Land reform is for all of Scotland

It’s easy as a new MSP to get caught up in the day-to-day whirl of meetings and debates (and receptions), and to take your eyes off the big picture.

That’s a mistake I’m determined to try to avoid, and that applies to blog posts as well as the day-to-day workload.

One of those big picture issues where my predecessor Robin Harper worked hard over twelve years was land and land rights, and I plan to carry on with that work. After all, the history of Scotland is largely the history of the land itself – who owns it, who lives on it, and what is it used for?

Holyrood has worked to improve many aspects of the relationship between the land of Scotland and those who live here. While other countries abolished the last vestiges of feudal tenure centuries ago, Scotland had to wait until the arrival of this Parliament in 1999, and the legislation which followed the year after.

Land reform and the rural right to buy is widely recognised as one of the most radical changes that this Parliament has made over the last twelve years. For generations, these communities on the margins had clung to their fragile right to work the land – but many of these same communities now own this same land, and are thriving and innovating in ways that should inspire us all.

Beyond that, previous sessions have passed valuable legislation to protect both land and sea, but the momentum has stalled, and there is much more that can be done. This is just one of the many areas where we will see whether Ministers plan to honour their promise listen to other parties. I will certainly be pressing them to use the existing powers of Parliament to make a number of small but influential changes to the relationship between the people and the land.

One of those changes would be to go with Scottish Wildlife Trust’s call for Ministers to look at ecosystem health indicators as part of the land use strategy required under the Climate Change Act. It sounds technical, but the advantages would be quickly apparent. A healthy environment brings wider benefits for society in terms of health, happiness and social inclusion, as well as pure economics. This applies everywhere from sites of special scientific interest through to our urban hedges and gardens.

On planning, we will continue to push a well-defined third party right of appeal. Where developments are proposed which affect the way a community uses their land, why should the developer still be the only person who can appeal a decision? The first twelve years of devolution have seen no decisive action to give proper access to environmental justice – what the wonks call the third strand of the Aarhus Convention. Where planning decisions go against local plans, it cannot be acceptable for communities to have to resort to judicial review. Whether it’s the disgraceful Trump project or the ill-conceived Aberdeen Western Peripheral Route, local communities regularly get left out of the process.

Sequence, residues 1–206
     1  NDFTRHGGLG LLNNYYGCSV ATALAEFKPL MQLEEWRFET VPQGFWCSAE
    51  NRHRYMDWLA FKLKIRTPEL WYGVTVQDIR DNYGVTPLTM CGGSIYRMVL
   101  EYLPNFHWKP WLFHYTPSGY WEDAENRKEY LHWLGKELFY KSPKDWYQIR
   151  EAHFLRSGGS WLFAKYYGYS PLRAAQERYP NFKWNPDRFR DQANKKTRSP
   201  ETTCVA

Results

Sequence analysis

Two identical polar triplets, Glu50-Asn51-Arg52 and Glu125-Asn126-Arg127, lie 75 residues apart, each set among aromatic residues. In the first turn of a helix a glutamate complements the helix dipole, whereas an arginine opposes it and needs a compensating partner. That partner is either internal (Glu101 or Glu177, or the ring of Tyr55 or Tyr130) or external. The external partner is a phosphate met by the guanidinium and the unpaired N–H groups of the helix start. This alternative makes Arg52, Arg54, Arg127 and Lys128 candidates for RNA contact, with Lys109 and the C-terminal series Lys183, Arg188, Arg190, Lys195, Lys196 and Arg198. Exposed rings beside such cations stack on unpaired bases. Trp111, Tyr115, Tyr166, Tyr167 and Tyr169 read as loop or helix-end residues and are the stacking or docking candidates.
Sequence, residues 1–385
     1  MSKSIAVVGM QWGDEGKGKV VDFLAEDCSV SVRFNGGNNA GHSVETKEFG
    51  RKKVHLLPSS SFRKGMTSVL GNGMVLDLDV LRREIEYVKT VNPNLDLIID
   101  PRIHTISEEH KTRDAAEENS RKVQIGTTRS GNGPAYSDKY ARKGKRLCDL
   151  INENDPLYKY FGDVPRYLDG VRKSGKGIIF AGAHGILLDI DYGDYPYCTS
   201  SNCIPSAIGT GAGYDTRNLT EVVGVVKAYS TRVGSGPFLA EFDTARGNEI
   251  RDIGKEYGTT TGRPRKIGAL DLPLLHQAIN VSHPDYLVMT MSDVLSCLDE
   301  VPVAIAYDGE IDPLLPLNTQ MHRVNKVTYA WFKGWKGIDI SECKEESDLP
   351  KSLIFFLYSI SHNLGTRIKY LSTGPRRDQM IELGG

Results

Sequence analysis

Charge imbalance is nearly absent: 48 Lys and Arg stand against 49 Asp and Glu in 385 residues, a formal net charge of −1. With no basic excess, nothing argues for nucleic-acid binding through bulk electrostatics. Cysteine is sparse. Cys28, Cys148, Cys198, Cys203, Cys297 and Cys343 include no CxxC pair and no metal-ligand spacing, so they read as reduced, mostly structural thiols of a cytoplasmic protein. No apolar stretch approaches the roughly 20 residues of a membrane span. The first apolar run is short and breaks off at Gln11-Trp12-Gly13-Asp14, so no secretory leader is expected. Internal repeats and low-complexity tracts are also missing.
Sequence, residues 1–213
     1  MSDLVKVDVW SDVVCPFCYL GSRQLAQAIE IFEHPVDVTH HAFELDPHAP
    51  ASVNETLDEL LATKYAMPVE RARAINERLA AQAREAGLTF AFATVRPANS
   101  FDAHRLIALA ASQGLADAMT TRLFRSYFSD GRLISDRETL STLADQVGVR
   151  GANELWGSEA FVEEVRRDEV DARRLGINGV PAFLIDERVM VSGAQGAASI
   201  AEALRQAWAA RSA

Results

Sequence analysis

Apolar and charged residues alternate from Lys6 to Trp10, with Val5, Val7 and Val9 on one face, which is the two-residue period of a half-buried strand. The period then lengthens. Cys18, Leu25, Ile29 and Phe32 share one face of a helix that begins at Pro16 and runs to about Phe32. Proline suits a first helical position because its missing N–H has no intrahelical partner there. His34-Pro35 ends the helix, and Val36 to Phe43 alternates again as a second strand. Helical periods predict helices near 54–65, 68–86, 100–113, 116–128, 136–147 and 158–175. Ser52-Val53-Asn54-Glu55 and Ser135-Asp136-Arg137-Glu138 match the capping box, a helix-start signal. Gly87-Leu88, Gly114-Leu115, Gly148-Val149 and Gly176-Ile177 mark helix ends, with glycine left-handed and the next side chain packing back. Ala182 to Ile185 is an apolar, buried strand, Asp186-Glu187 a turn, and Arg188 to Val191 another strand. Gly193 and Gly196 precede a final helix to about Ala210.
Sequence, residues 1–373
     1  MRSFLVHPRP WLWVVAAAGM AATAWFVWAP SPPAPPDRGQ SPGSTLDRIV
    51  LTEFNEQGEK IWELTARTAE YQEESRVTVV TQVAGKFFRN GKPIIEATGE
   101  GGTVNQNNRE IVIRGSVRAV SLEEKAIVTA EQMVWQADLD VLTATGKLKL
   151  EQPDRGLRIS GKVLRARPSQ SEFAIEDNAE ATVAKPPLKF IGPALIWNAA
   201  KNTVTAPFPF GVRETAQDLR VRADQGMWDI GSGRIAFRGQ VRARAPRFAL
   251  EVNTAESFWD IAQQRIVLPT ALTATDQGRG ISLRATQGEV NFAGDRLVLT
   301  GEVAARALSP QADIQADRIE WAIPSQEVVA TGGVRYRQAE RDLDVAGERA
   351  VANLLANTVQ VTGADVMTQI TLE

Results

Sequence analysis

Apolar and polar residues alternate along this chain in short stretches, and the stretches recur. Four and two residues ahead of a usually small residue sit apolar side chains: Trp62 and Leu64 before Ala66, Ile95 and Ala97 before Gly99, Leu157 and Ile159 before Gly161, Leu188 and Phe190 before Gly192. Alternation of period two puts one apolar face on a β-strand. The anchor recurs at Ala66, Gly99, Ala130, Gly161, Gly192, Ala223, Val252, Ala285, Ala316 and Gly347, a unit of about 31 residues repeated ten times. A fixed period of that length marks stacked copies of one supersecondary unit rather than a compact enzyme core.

It’s also time to take another look at Scotland’s Common Good assets, most of which are the legacies of the old Burghs. They do not belong to local authorities – they belong to local people – and I’ll be pressing the Scottish Government to bring in a full register of these assets and clear and simple legislation to protect them for their original purpose. The same process could define how new assets could be brought into Common Good. A poor version of the same work is underway at Westminster through the Tory Government’s localism agenda. Scotland can, of course, do better.

There are other creative uses of land which are either vulnerable, being squeezed, or being neglected at a policy level.

This month has seen the launch of the Thousand Huts campaign, which aims to promote the kind of hutting people may remember from the Carbeth case, and I’ve been working with Reforesting Scotland and others to build support for them in Parliament. Huts may seem wacky, but in the immediate post-war period in particular they provided affordable access to the countryside for a generation. Across northern Europe and Scandinavia the benefits of huts are widely recognised – for physical and mental health, for happiness and recreation – yet here they remain a minority interest. It’s not hard to see why. Land is difficult to find, under-used and unaffordable. Planning permission is hard to secure, and many landowners regularly try to demolish existing huts and clear land.

Similarly, there are long waiting lists across our towns and cities for allotments – one way to get many of the same benefits as well as supporting healthy food economies and local resilience. I know how frustrating people find this lack of access – it’s a regular source of complaints to councillors and MSPs alike.

The other way in which I hope to follow Robin’s lead is by helping to make Parliament a place where people feel they can come in and tell us what we’re doing wrong (or right, perhaps). So if any readers have views in this area, do drop me a line –

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